Image 1: ALFA Omega softball team, Atlanta, Georgia, August 1974. Courtesy of Lorraine Fontana. Image 2: Members of the ALFA Omega softball team, Atlanta, Georgia, August 1974. Courtesy of Lorraine Fontana.
ALFA hollered gay cheers and eschewed competitive norms. They rotated players equally, which allowed Vicki, who was in her own words “by no means a jock,” a place on the field. As a player-manager, Charlotte taught her teammates how to play and wrote team updates in ALFA’s newsletter. The ALFA Omegas did not have a male coach like other teams, instead creating the player-manager role in an effort to be truly egalitarian. In our interview, Charlotte remembered, “We didn’t do too badly. We ended up with two teams. We had ALFA 1 and ALFA 2, because there were so many people who wanted to be involved. So it became a big thing. It was a good way of actually marketing the organization. Because we would have games every week and . . . it gave us an avenue to socialize after the games.”13
After wins and losses, teams went to the Tower Lounge—a straight working-class bar during the week and a dyke bar on the weekends—or back to the ALFA house. As Vicki put it, “I’m not a drinker, but at certain points that was really where lesbian space was, in the bars. Very early women’s music concerts were in the bars and we always went there after the game.” ALFA’s presence at bars, on fields, and in era marches elevated the organization’s status, increasing its profile in Atlanta. As a part of their politics of visibility, ALFA saw softball as a political strategy and, as Charlotte noted, a way to build membership. After the summer of 1974, ALFA membership grew from thirty to one hundred.14
ALFA activism encompassed commonly understood political organizing and what is sometimes dismissed as “cultural feminism”—attention to media representation, communal living, and softball. While outside of the political establishment, cultural feminism offers an experience of liberation all its own. “We ran onto the field, most of us with our hairy legs and hairy armpits, sweating in the sun, exercising our muscles,” Vicki recalled in her 1976 article, “Come Out Slugging!” For jocks and non-jocks alike, playing softball was a way to connect to their physicality. Vicki wrote that “softball made us feel more powerful because we were learning to use our bodies as physical instruments.” ALFA’s softball strategy was an embodied form of activism.15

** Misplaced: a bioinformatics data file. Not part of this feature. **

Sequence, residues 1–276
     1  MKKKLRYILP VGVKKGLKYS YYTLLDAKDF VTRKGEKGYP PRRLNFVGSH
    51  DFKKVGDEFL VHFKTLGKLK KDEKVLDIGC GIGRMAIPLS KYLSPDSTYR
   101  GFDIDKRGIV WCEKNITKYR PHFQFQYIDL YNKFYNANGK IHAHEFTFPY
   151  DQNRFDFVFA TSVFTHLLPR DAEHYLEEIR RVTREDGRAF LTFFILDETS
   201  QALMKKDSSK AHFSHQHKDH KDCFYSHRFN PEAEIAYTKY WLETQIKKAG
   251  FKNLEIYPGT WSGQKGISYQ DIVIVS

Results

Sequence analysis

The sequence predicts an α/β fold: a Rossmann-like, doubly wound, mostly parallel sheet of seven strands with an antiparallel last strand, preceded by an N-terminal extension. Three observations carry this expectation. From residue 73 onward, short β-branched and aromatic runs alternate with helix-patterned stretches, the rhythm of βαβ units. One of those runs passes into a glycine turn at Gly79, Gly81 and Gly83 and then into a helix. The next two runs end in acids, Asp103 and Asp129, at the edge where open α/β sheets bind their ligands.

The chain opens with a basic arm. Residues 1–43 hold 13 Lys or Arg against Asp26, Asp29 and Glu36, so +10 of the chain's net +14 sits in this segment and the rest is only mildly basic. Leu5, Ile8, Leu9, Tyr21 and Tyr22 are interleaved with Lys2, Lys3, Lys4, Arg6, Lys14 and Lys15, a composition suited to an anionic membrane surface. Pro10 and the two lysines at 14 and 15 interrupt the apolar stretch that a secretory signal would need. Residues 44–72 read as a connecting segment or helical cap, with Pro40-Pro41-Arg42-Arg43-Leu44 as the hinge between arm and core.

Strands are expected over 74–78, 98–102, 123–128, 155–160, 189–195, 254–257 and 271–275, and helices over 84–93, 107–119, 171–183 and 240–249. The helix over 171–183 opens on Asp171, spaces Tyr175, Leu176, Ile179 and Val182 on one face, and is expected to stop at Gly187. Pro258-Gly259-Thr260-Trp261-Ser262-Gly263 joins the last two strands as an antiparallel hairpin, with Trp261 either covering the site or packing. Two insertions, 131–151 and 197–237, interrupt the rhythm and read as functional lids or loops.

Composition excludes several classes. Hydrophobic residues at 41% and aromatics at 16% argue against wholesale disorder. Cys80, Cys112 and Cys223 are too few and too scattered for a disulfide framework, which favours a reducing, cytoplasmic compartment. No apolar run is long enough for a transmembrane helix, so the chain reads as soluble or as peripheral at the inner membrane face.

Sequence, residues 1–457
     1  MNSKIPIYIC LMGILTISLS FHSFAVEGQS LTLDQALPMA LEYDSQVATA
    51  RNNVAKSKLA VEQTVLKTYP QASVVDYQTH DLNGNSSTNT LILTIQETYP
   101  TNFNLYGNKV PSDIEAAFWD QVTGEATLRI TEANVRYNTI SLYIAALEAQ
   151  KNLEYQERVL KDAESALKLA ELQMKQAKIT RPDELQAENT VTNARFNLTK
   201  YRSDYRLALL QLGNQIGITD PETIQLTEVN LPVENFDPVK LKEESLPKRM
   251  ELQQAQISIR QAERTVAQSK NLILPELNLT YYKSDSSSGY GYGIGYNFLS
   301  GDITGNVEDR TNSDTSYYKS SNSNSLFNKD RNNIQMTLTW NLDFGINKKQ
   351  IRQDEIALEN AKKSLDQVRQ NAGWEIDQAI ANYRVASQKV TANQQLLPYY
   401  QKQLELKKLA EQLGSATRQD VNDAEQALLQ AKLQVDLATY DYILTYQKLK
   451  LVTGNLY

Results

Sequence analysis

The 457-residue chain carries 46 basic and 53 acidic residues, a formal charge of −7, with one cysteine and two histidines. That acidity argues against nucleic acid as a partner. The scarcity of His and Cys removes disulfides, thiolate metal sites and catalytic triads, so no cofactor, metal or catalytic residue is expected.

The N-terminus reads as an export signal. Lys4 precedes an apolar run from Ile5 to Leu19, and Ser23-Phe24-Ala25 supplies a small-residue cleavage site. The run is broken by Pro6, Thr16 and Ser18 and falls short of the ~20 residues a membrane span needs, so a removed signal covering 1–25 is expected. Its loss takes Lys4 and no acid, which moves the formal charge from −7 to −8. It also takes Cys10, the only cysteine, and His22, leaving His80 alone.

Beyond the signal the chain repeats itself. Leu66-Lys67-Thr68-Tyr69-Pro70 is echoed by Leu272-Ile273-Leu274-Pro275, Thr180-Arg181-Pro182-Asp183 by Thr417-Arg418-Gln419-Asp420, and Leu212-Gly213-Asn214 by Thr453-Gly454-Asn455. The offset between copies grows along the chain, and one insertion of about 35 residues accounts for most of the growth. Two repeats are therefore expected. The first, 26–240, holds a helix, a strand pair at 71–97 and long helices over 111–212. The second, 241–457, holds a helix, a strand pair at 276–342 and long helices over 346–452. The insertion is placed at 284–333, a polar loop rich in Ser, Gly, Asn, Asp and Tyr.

Athletics as an expression of female agency was in line with the movements for women’s physical culture in the US after Title IX’s passage. In 1972, tennis star Billie Jean King was named Sportswoman of the Year and shortly thereafter prevailed in the nationally televised “Battle of the Sexes” match against Bobby Riggs. The Women’s Professional Softball League formed in 1975, and the 1977 International Women’s Year conference in Houston included a torch run from Seneca Falls to Texas that passed through Georgia. For feminists nationwide, activity and sports were exciting forms of resistance, camaraderie, and personal growth. Harnessing this energy, softball in particular became an organizing tool for lesbian feminists across the South. Out-teams sprung up in cities such as Memphis, Tennessee; Lexington, Kentucky; Columbia, South Carolina; and Athens, Georgia. In Memphis, NOW formed a softball team as part of organizing efforts to ratify the ERA, creating an opportunity to meet new friends and build an activist network. But softball also raised tensions. Historians Stephanie Gilmore and Elizabeth Kaminski chronicle how the creation of the popular now softball team “with its suggestion of informal lesbian solidarity” caused friction within Memphis now in the late 1970s. While now showed support for lesbian members in the mid-1970s, by the end of the decade, rising right-wing Christian rhetoric in Memphis began to impact the organization. In 1982, NOW split over the “softball” issue. Softball became a euphemism for lesbian presence in NOW, as conservative members increasingly expressed distress that attention to gay issues detracted from the organization’s mission to support “family, women’s safety, and the era.” For ALFA Omegas, softball was a way to be out and release stress from closeted work environments and tension-riddled coalitions.16
ALFA’s team transformed the City League and was changed in turn by interactions with league players. While ALFA members lauded themselves for demonstrating how out and non-hierarchical a team could be, they still learned from seasoned players. Enke writes that “women of an established working-class softball culture inspired and challenged self-identified feminists.” At the Tower Lounge, Vicki remembers women “who had been lesbian in the 1950s and ’60s, who had come up through the school of hard knocks of lesbian life. As I met this group of lesbian southerners, I was very drawn to all of them, feeling that each of them had a piece of history that helped me to understand the world I was entering.” The exchange was two-way and often crossed generation and class lines. For the weekend regulars at the Tower Lounge the influx of ALFA players and friends brought new energy. Elizabeth Knowlton, an ALFA archivist and Omega votary recalled, “We didn’t have many public places. The Tower Lounge was really important to us. What we found out very soon in the women’s movement was that if you had a critical mass, you changed the space. At ALFA, we did everything in a mass!” For older lesbians, the post-game softball crowd offered an opportunity to teach as well as learn about activism in the city. Whether at the bar or on the field, ALFA impacted lesbian spaces by being out and putting forth a feminist politic.17